Center For Auto Safety
Federal safety investigators put General Motors under a microscope earlier this week, asking the troubled automaker 107 detailed questions about its decade-long delay in recalling cars with a deadly defect. Now, it may be the federal government's turn to face questions.
The position of the plastic fuel tanks in 1993-2004 Jeep Grand Cherokees makes them potential fireballs, argues the Center for Auto Safety. The nonprofit organization says that the fuel tank's location makes the pre-2005 Grand Cherokees prone to catching on fire when involved in an accident. Located behind the rear axle and hanging down below the bumper, shorter vehicles can impact the tank directly, says the Center. The fuel filler neck has also sheared off during some of these incidents, leadi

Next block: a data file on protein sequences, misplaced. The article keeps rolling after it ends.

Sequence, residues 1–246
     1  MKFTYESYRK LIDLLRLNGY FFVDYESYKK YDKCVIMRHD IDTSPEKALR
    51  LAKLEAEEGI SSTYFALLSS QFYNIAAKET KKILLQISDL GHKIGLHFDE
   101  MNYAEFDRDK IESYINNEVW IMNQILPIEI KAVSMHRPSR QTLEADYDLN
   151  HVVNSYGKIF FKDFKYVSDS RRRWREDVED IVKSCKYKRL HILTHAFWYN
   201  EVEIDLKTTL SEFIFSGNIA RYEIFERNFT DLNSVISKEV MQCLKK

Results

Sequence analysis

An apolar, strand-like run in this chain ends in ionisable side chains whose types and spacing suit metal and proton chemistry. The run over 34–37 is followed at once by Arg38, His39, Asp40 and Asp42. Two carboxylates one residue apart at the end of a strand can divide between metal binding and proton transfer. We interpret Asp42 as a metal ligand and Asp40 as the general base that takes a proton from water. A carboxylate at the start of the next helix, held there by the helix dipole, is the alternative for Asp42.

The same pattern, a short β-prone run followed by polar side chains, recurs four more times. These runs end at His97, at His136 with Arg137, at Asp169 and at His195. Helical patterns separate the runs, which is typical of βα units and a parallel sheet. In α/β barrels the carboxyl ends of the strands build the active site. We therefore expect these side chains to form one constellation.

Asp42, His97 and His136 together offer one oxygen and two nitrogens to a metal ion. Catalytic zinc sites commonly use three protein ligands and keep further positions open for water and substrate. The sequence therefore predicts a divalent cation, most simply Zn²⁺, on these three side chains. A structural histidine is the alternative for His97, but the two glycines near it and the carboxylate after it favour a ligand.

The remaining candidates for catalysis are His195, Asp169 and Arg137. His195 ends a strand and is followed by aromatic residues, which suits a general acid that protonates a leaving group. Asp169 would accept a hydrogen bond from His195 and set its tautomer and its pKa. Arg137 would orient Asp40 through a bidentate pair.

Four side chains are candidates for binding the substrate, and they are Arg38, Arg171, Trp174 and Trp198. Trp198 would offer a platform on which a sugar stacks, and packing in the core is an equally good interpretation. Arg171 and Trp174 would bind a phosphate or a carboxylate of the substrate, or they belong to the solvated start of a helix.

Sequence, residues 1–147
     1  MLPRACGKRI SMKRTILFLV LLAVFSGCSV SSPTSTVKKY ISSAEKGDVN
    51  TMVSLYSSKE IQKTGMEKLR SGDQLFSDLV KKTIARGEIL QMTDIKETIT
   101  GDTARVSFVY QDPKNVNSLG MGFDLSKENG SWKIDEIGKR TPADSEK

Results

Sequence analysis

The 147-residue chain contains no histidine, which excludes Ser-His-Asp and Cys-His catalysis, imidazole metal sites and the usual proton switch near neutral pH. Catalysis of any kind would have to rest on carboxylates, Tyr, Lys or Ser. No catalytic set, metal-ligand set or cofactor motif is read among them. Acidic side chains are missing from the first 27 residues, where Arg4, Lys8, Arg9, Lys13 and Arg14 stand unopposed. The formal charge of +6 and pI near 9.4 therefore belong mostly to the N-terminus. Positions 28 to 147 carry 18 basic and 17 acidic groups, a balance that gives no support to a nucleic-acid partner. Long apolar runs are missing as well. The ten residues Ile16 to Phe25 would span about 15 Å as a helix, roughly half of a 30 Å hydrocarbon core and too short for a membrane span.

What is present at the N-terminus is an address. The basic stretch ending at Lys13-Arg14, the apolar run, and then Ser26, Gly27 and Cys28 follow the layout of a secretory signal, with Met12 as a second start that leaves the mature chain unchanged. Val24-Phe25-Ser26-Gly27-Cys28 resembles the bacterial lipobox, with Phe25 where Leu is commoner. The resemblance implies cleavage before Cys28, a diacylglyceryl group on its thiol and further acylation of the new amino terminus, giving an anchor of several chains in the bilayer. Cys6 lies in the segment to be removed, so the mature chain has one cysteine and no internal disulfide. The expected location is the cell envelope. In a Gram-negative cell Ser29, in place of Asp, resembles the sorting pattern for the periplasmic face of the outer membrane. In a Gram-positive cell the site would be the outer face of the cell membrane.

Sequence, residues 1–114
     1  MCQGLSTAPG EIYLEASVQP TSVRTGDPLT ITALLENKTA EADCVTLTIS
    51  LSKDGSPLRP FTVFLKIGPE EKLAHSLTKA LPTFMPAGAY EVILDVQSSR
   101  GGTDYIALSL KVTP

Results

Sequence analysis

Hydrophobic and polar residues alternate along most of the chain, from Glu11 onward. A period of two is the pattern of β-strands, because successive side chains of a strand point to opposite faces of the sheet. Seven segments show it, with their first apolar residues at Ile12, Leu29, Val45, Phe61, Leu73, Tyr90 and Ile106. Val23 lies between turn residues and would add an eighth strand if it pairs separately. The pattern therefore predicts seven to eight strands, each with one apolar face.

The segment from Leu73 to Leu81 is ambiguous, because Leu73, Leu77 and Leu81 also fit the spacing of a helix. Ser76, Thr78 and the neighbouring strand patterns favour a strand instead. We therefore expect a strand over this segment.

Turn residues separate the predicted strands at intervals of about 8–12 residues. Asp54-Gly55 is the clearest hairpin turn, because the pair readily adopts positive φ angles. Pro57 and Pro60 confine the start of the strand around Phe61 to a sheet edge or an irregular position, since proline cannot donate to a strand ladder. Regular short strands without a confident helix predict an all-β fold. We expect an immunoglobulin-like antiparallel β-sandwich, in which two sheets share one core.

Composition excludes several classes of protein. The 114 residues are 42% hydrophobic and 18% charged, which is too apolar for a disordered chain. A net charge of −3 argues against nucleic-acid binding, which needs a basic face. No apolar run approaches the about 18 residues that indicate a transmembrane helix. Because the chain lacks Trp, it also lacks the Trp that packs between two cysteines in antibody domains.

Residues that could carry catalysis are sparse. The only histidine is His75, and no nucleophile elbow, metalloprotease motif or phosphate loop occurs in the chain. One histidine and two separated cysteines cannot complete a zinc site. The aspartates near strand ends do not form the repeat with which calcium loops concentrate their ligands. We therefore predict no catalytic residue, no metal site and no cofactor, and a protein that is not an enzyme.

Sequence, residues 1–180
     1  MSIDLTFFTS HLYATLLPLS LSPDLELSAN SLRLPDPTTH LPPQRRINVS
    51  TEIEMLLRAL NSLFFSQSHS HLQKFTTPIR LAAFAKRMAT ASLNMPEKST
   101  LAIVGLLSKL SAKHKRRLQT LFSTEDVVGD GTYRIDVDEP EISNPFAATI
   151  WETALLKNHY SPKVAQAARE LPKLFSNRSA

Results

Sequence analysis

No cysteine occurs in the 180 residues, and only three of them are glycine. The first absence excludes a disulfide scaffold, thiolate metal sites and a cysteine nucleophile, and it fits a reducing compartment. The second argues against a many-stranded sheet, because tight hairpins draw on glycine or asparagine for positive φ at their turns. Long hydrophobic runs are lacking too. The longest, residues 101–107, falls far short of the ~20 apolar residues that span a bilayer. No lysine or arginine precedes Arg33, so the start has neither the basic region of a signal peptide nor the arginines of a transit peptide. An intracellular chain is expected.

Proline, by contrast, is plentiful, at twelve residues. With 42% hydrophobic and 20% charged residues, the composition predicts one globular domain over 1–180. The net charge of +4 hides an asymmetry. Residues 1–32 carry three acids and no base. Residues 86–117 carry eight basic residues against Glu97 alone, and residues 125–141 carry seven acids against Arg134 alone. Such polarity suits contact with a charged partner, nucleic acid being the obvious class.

Not even an "E" for effort? Apparently not. The National Highway Traffic Safety Administration (NHTSA) has a website called SaferCar, where you can sign up to get email alerts about new vehicle recalls as they come in. You simply tell NHTSA all about your car and if a recall notice is issued, they ping your email, cell phone, PDA or RSS reader. At least that's the theory. Consumer advocate groups like the Consumer Federation of America and the Center for Au